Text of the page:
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Kaddish For Mr. Mlodnicki

18 Av 5767 – August 1, 2007
We just observed Tisha B’Av, the day we mourn the destruction of our Holy Temple. With the Holocaust being so recent and such an enormity, I could not help but turn my attention to it as I contemplated the destruction that has befallen the Jewish people over the millennia. In particular, I thought about what happened to my father-in-law on that day many years ago, as well as the events leading up to it. Its message is timeless.

Feldman Article Raises Questions Of Journalistic Standards

Initially, Professor Noah Feldman’s “Orthodox Paradox,” an article appearing in the July 22 issue of The New York Times Magazine, may seem entertaining. But on further reading, a very disturbing message emerges – a message that calls into serious question the intent of the author and the judgment of The New York Times in publishing the piece.

It’s One A.M. Do You Know Where Your Children Are?

This past Sunday evening I received a frantic call from a close friend, a 52-year-old father and grandfather who has spent the past 27 summers in the Monticello area. He pleaded with me to inform the frum public of what his eyes had seen – and his heart simply did not want to believe.

In Search Of The Perfect Shidduch

Nothing is more elusive than perfection, yet perfection is a notion that frequently surfaces in the realm of shidduchim. For example, singles are often told by people on the outermost fringes of their lives, “I know someone perfect for you.” How preposterous, how presumptuous! Yet singles permit themselves to be excited by this declaration so that they may be further disillusioned when the shidduch invariably turns out to be anything but perfect.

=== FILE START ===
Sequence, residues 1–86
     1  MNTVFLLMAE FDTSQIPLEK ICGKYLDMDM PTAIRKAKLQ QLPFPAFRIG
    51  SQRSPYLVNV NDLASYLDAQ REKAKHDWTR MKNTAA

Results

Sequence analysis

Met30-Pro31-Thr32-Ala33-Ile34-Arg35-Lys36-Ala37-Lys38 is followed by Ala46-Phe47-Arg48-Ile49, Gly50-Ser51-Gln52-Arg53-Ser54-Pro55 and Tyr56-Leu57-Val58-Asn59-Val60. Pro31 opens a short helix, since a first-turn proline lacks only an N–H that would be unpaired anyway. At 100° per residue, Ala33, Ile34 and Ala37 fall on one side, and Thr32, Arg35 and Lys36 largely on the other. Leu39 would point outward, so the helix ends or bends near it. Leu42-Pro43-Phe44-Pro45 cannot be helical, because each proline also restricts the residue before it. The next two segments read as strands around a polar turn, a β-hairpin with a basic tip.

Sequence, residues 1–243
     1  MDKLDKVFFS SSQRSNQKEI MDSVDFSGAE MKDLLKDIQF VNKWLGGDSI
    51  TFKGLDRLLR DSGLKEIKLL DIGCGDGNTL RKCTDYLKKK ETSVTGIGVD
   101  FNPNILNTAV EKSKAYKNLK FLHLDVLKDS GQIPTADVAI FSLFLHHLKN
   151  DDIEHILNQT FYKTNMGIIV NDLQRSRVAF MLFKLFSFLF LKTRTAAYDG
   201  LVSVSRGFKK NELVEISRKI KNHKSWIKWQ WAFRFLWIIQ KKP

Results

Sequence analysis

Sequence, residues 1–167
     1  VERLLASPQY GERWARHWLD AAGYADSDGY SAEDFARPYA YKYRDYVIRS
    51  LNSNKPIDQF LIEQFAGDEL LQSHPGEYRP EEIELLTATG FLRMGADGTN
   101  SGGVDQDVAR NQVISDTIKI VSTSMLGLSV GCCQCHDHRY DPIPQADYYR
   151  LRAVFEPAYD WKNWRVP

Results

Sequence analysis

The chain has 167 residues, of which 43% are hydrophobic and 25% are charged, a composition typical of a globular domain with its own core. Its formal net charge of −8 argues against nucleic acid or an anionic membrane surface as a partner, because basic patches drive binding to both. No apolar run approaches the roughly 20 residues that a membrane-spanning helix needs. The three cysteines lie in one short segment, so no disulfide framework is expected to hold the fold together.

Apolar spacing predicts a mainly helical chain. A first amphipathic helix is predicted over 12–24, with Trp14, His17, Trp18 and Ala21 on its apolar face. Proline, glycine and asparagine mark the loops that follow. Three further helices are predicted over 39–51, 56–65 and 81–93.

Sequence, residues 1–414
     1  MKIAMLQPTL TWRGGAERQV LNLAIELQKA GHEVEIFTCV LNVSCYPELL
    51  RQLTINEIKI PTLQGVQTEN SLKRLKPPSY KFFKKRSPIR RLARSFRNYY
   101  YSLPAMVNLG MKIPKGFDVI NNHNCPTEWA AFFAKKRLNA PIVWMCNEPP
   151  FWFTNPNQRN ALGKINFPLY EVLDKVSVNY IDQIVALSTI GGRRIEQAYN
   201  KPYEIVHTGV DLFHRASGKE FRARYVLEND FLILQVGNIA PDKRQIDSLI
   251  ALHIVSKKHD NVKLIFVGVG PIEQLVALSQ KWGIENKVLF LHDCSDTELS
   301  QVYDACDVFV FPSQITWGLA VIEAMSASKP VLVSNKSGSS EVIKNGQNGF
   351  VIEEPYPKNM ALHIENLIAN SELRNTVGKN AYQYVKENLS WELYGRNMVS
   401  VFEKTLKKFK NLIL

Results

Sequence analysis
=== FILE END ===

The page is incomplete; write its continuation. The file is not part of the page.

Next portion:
Noah Feldman And The Fear Of Being Different

Ayatollahs in business suits is what Noah Feldman would have the world believe we all are. If the Orthodox were going to leave him out of his alma mater’s reunion picture just because he married out, then Noah Feldman was going to out the Orthodox.

Vindication, Late But Sweet

Forgive the Monitor a little self-indulgence this week. In its May 14 issue, Newsweek magazine published a chapter from historian Michael Beschloss’s new book, Presidential Courage (Simon & Schuster). The excerpt centered on Harry Truman’s role in the establishment of Israel, and Beschloss had no compunction about highlighting Truman’s nasty anti-Semitic streak or that after leaving office Truman admitted to the late television impresario David Susskind that his wife, Bess, had never allowed a Jew into their Independence, Missouri home.

If It Looks Like A Duck… Why Suicide Bombers Can Never Be Freedom Fighters

We Jews know a terrorist when we see one. Surely we don't need the elegant refinements of international law to help us distinguish a suicide bomber from a freedom fighter. If it looks like a duck Nothing could possibly be easier to understand.

Six Thousand Miles (Part II)

Part I of this series introduced the 6,000-mile driving tour that my wife, Barbara, and I took in the van driven by my brother, Avi, and our sister-in-law, Martha, to the Canadian Rockies.

Shtetl Research

Last week I wrote about going to Nowy Zukowice, the town my grandfather came from.

Israel’s Destiny: From Sorrow To Joy